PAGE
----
I am PhD candidate in the Linguistics department at UMass Amherst. I graduated from Swarthmore College in 2014 with a major in Linguistics and a minor in Computer Science.

My research explores meaning in natural language from a variety of methodological frameworks: fieldwork on under-documented languages of North America; experimental work on temporal reference; and computational modeling of perspective.

My research focuses on context-sensitive expressions: words whose meaning changes depending on who is speaking to whom, and in what context. More broadly, I am interested in how conversation participants use their knowledge about each other's mental states. Do speakers accommodate their listeners visual perspectives on the scene? Do listeners use their knowledge of a speaker's opinions to better interpret their sentences?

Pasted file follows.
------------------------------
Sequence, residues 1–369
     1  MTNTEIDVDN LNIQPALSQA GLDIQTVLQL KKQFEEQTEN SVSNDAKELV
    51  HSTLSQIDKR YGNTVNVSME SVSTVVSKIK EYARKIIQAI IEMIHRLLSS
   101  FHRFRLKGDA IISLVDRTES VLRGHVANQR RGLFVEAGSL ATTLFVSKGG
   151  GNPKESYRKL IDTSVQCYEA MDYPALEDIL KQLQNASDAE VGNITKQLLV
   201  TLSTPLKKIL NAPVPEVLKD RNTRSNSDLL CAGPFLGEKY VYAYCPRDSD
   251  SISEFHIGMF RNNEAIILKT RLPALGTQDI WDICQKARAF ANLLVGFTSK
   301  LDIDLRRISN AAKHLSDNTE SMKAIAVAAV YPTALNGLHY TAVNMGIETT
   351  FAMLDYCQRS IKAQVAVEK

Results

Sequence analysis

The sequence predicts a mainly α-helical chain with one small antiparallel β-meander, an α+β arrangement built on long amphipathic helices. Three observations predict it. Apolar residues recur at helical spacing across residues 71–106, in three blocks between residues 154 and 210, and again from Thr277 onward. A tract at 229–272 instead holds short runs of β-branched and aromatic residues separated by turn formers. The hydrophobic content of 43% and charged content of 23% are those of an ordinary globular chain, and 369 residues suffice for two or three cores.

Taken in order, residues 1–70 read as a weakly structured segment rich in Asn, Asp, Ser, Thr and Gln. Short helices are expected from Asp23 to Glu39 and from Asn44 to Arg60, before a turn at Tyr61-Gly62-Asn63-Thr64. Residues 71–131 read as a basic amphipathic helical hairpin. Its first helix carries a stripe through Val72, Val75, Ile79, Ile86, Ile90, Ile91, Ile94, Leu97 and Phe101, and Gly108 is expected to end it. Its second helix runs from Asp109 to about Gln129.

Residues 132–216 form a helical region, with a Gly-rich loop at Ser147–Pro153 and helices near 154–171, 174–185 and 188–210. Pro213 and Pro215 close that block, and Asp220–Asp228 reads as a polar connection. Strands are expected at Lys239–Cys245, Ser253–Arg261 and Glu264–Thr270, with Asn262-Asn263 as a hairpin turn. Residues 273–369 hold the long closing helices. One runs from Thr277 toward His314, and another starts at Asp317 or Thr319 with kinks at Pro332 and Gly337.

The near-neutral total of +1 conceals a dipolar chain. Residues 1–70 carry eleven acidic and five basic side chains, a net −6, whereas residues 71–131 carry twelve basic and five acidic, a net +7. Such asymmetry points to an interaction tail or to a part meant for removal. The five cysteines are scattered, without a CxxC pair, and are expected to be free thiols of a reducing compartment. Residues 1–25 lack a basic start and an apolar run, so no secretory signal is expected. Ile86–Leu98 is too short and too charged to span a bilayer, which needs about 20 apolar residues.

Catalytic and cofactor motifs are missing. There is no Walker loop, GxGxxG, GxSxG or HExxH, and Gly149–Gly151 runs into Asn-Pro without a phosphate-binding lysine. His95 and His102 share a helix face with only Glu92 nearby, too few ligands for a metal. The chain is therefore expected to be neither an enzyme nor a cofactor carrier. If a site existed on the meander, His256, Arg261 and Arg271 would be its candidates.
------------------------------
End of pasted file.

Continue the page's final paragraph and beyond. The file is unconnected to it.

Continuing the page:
Exploring these questions in language helps us better understand general cognitive behavior such as theory of mind (our beliefs about other people's mental states). They are also very challenging aspects of language for artifical intelligence to grasp, because they are situational, grounded, and interactive.


o Semantics and Pragmatics

o Psycholinguistics

o Computational Modeling

o Machine learning

o Semantic Fieldwork